StepNpull: A $300,000 Idea from Springfield

A product born of practicality in 2007 met new, unprecedented demand in 2020—and an appearance on Shark Tank. President Mike Sewell reflects on StepNpull’s steps.

By Jennifer Johnmeyer

Sep 2021

Ron Ely, Mike Sewell and Kelly Coddington
Photo by Leah StiefermannRon Ely, Mike Sewell and Kelly Coddington launched StepNpull in 2007. Purchase Photo

Biz 417: Where did StepNpull originate?
Mike Sewell: Kelly (Coddington), Ron (Ely) and I were working together and wanted to be able to open doors while moving items. Kelly came up with the idea of something that allowed opening the door by stepping down and pulling with your foot. StepNpull was born in 2007.

Biz: How was business early on?
M.S.: We had low expenses. We turned a nice profit, but it was a side business. We kept our jobs. We got orders for restaurants, entrance doors. Everything changed in March 2020.

Biz: How much did demand increase?
M.S.: Our sales multiplied by 70. Not 70 percent, 70 times. By mid-March, we already had a 10-day lead time. We found a second manufacturer in Joplin in addition to our Springfield manufacturer (StepNpull is predominately manufactured in the United States), but it still took two to three months to catch up.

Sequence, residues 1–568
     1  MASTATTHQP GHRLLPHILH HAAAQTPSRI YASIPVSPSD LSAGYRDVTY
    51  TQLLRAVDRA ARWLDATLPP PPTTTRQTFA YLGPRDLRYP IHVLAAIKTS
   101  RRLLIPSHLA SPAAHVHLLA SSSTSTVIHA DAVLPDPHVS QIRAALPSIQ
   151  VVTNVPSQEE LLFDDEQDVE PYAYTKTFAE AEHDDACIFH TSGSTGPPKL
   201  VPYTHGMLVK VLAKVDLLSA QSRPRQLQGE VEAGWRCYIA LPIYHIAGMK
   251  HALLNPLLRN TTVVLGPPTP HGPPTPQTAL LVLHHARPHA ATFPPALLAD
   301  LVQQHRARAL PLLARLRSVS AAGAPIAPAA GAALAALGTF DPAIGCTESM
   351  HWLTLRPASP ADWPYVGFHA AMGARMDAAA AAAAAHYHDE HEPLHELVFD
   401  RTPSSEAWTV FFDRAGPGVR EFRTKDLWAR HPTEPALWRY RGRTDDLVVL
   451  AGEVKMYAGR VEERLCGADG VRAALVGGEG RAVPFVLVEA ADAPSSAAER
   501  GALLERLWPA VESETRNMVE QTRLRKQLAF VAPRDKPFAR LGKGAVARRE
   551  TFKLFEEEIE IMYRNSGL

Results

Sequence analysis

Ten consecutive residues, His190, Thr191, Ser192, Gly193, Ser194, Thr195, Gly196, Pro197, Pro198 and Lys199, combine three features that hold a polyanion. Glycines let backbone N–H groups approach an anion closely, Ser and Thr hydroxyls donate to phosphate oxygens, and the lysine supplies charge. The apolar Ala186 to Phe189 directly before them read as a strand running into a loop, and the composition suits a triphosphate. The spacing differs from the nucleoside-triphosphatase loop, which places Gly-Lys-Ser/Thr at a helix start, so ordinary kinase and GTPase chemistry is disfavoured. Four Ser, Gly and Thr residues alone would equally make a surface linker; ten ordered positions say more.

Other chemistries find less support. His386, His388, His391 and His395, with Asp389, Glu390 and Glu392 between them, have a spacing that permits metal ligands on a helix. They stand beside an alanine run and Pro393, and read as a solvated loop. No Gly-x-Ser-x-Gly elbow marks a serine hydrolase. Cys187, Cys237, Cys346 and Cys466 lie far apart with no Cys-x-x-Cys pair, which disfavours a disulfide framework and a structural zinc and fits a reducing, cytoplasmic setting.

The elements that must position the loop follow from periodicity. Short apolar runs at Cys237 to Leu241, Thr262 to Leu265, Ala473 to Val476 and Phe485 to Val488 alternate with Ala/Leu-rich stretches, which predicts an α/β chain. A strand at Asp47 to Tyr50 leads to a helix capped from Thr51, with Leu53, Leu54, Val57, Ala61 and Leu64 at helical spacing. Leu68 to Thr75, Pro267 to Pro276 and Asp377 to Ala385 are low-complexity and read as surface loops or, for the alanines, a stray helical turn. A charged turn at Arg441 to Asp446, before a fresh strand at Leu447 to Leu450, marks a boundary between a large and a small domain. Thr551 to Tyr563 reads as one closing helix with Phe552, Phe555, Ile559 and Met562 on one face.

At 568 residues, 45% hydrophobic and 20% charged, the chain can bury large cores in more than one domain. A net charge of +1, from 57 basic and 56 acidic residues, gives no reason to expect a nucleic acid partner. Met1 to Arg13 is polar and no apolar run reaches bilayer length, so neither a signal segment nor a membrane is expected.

Biz: How did you handle that much change in the middle of COVID-19?
M.S.: We had jumped to hundreds of emails every day. We got a business consultant, who advised us on accounting, a customer
database, website upgrades and savings. Then there were other worries. “Are we considered an essential business? Will we be shut down?” Ultimately, we were able to stay open.

Biz: How did Shark Tank come into the picture?
M.S.: Shark Tank finds product a few ways (applying through their website, auditions and proactively reaching out). Shark Tank thought we might be a good fit for the show and asked us to go through the approval process. Fortunately, we were chosen to pitch. With COVID-19 restrictions, only one of us could go, so it ended up being me. I couldn’t even watch reruns beforehand. I was so nervous, but I knew if I could get through the pitch, the rest would flow.

Biz: What was Shark Tank like?
M.S.: That is a top-notch operation. Everyone was great. It was pretty exciting to see three Sharks come in and start bidding, especially Kevin [who ultimately won the deal with a $300,000 investment and 6 percent stake].

Biz: How has this experience been for the three of you?
M.S.: It’s hard to believe in little bitty Springfield, we invented a product that so many people wanted. We did the best we could, and it turned out that was alright. We wouldn’t change a thing.